One of the first questions in anyone’s mind when they are about to have an anaesthetic for a surgical procedure is “what can go wrong?” People want to know what complications can happen and how frequently these occur. In the initial stages of anaesthesia and surgical procedures 160 years ago, there was significant risk associated with the undertaking. However improving the safety of medical interventions has always been at the centre of medical attention and this has resulted in a vastly improved safety record in modern medicine. However no procedure is without risk and in the following section, the risks and complications of anaesthesia will be outlined.
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What is the chance of dying under an anaesthetic?
One of the first questions in anyone’s mind when they are about to have an anaesthetic for a surgical procedure is “what can go wrong?” People want to know what complications can happen and how frequently these occur. In the initial stages of anaesthesia and surgical procedures 160 years ago, there was significant risk associated with the undertaking. However improving the safety of medical interventions has always been at the centre of medical attention and this has resulted in a vastly improved safety record in modern medicine. However no procedure is without risk and in the following section, the risks and complications of anaesthesia will be outlined.
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What is the chance of waking up during an anaesthetic (awareness)?
The potential of being aware while having a surgical procedure under general anaesthesia is a common and legitimate fear for many patients. The objective of a general anaesthetic is to induce a state of unconsciousness/hynosis through the use of drugs during which time the patient will have no awareness of the operation and there will be no subsequent recall or memory of these events. Awareness under anaesthesia can be defined as a period during the operation where a patient is conscious and will have recall of the events after waking from the anaesthetic. It is a complex topic because consciousness and memory formation is incompletely understood by scientists who study this subject. In this section an explanation of the current understanding of this topic will be presented.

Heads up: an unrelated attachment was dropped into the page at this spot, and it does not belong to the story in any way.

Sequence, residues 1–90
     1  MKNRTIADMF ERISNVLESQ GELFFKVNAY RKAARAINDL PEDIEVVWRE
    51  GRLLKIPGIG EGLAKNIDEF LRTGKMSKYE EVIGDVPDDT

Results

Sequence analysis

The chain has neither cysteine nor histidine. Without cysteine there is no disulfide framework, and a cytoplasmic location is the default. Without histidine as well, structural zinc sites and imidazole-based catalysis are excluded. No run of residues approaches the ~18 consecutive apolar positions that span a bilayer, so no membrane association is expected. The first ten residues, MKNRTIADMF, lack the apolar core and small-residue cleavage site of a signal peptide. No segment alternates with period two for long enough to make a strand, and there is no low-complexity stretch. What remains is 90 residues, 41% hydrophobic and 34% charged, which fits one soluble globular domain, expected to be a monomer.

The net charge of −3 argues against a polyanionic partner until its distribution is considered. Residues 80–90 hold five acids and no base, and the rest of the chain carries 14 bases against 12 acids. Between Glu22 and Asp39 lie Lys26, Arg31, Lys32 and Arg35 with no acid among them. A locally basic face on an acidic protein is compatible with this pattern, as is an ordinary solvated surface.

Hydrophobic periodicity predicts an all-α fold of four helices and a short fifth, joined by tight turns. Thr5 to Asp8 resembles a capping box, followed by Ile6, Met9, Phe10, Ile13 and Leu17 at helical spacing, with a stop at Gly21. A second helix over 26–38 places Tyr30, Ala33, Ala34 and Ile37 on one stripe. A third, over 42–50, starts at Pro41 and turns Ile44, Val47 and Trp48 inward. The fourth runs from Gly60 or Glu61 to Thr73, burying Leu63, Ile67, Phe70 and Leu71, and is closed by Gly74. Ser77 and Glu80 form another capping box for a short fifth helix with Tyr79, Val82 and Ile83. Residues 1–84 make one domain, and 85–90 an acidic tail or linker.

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I always vomit after an anaesthetic. Can anything be done to prevent this?
Post Operative Nausea and Vomiting (PONV) is a relatively common problem after surgical procedures under general anaesthesia. It is often described as the “Big little problem”. By this it is meant that it is a big problem because it is common and causes much distress to patients. It is a little problem in that it not life threatening and is usually of limited duration. The problem cannot be denied as some patients fear it more than the postoperative pain or even having a heart attack.
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I’m scared of being in pain after the operation. What pain relief is available?
Pain is a complex bodily response to a noxious or damaging stimulus. It represents on of the basic responses that any living organism must have as it is a fundamental survival need to be able to remove or defend oneself against such stimuli. A pain stimulus can take the form of heat, pressure, disruption of tissues and so forth. Pain is also experienced when damage has been done to tissues in the body is results from the inflammatory response to such damage.